- 3rd party hosting or subscription fees
- Additional SSL certificates or a wildcard certificate
- Developer hours for the subdomain CMS
- Additional colocation space or network hardware
You would also have to manage login credentials, analytics, security, and webmaster consoles for the subdomain. If you have regulatory compliance to worry about, these headaches add up fast.
The best way to avoid having to deal with the subdomain question at all is starting with a website that does everything you want. Very often, I’ll find brands that try to tack on functionality later due to lack of foresight.
Begin with an infrastructure that will do everything you need. If you’re going to need a blog or eCommerce experience, choose a CMS with those built into the app. Or you could even go with an extensible CMS, like WordPress or Drupal. Shopify has a lot of SEO quirks, but it’s relatively solid and comes with a few site speed improvements out of the box.
Planning ahead also includes anything you’re going to test for your digital strategy. If you’re considering trying out blogging, and I recommend you do if you aren’t, plan how you’re going to proceed after a successful test. You will need to find a way to add a blog to the main domain if the content strategy test works (and it probably will.)
Sometimes a Subdomain is the Right Choice
There are a few cases where a subdomain makes the most sense for your brand outside of technical necessity. Usually, it’s for a sub-brand or a product that is substantially different than what the brand normally sells.
If your content satisfies most of these criteria, then you should probably use a subdomain:
- The content or branding isn’t different enough to justify an entirely different domain
- Users would be confused if they navigated between the two content experiences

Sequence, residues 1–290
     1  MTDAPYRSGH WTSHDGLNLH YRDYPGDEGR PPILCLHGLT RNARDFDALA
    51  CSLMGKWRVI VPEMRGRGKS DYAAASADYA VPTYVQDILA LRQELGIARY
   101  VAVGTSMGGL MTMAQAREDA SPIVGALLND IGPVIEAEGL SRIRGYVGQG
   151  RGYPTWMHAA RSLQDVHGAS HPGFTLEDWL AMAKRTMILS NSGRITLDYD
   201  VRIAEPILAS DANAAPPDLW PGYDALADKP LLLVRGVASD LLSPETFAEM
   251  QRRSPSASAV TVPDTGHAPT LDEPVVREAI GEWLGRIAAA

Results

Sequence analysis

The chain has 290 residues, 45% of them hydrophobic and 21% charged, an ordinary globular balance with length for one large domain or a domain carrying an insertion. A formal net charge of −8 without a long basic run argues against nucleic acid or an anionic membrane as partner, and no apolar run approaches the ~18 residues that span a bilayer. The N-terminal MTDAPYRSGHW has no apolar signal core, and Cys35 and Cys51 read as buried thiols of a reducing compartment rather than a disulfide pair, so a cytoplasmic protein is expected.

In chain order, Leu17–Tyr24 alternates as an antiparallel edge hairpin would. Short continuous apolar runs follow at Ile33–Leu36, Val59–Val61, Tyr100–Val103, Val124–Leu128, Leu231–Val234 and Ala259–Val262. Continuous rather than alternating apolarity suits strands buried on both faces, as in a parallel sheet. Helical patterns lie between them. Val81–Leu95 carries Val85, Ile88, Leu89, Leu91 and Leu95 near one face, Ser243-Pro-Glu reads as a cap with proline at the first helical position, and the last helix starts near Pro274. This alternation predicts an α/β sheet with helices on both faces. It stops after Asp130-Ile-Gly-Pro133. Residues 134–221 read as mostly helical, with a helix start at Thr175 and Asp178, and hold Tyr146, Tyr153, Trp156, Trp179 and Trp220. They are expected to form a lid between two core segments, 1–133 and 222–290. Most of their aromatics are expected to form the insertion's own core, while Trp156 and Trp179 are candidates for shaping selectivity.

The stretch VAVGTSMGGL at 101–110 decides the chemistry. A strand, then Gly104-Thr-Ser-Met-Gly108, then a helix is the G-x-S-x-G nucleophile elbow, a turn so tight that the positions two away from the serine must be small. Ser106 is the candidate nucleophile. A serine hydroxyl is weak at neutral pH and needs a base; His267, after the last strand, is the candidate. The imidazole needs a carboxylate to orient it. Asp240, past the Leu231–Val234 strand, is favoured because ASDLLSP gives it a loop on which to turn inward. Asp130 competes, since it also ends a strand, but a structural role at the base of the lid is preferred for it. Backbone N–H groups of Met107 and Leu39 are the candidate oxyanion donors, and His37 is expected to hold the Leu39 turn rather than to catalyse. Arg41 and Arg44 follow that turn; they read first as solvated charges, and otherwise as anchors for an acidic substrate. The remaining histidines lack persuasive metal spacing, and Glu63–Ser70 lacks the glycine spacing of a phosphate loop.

- The content sells a completely independent product or is part of a portfolio of products
Google itself is pretty good at this. They have developers.google.com, assistant.google.com, cloud.google.com, store.google.com… and the list goes on. Each subdomain is an aspect of Google, but totally independent and hosts its own thing.
Another valid case for a subdomain is content that will never need to be indexed by a search engine. Paid landing pages, content behind login screens, and company intranets are all good examples.
Mobile and International Considerations
I’ve seen a lot of brands create trouble for themselves by adopting subdomains for mobile and international versions of their websites. They’re the worst option for either strategy and create a lot of headache for your SEO team down the line.
The future of the web is responsive and mobile-first. It’s the easiest and simplest way to adapt to modern internet usage. Brands that disregard this tend to tack on mobile subdomains that plague their technical teams with problems like:
- Wasted crawl budget and canonicalization issues
- Server-side device detection and redirect handling
- Maintaining content parity between mobile and desktop sites
- Shrinking content and navigation to fit mobile screens
International websites are usually implemented in three ways: ccTLDs, subdirectories, and subdomains. Subdirectories have no upsides over the other two options. ccTLDS aren’t optimal either, but at least they contain a strong signal about which country they’re targeting.
Using a subdirectory strategy for international websites is something I see more brands using every year. I think they are realizing the benefits of having everything in one place: one CMS, one development team, better content parity, and easier management of hreflang tags.
Imagine using a subdomain strategy for your blog, mobile site, and international content. Your URLs would look like this: m.fr.blog.brand.com. What a mess.
The Dispute Will Rage On
Correct me if I’m wrong, but I don’t think anyone in the SEO industry has proven the technical reason why subdomains tend to perform worse than subdirectories. I have my suspicions, but nothing that’s easily tested. Google definitely isn’t going to come forward with the mechanism; they never talk about how their systems actually work.
Like Google’s 200+ secret herbs and spices, we’ll never really know for sure.
Unless there is a new wave of case studies concluding that switching to a subdirectory strategy destroyed their rankings or nothing happened, it’s a safe bet to switch to a subdirectory.